Sure, it was funny, cool, and special to visit a museum on the street with my name:
But regardless of the name, the house’s history is remarkable, and the museum is extremely interesting. That’s what I have been repeating to myself for the last couple of weeks since I returned from Ireland: yes, these days, you can find all information on the internet, but I would never think about looking up this information if I won’t visit Ireland, and if my incredible friends won’t take me everywhere!
So, back to Henrietta’s street. In the 1700s, it was a place where noble Irish families lived, and this particular house was occupied by the family of Lord Viscount Molesworth. But after 1801, when the power moved to London, and all noble families followed, this house went through major transformations. After being used for different offices, in 1876, the building was bought to be converted into a rental property. Shame on me, but I didn’t know that “communal apartments” were not invented in the Soviet Union. Apparently, in Dublin, a tenement was an 18th or 19th-century townhouse adapted to house multiple families. Thus, Henrietta Street 14, instead of being a home for one family, became a home for over 100 people.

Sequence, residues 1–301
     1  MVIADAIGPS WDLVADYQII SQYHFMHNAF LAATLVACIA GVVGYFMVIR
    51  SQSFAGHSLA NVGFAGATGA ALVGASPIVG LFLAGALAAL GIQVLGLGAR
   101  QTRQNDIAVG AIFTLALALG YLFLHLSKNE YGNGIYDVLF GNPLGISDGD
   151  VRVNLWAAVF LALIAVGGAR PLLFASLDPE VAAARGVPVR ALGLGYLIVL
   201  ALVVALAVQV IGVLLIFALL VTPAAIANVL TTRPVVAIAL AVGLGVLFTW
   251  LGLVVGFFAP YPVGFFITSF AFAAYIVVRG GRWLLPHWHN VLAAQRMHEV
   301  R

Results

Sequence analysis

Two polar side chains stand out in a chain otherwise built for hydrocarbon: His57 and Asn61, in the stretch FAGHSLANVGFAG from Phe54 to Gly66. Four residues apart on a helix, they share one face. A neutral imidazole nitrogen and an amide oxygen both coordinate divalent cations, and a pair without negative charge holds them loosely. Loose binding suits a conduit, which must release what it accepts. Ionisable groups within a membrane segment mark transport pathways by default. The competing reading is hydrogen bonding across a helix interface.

The museum shows all stages of the house’s history: several 18th-century restored rooms would give an idea of how the Lords lived, and several restored flats represent different living conditions for families on different socio-economical levels.
I took very few pictures because I was very busy listening to the tour. It is astonishing how much life in the tenements was similar to life in the “communal apartments” in the Soviet Union.
During my first full day in Ireland, I walked more than 30,000 steps!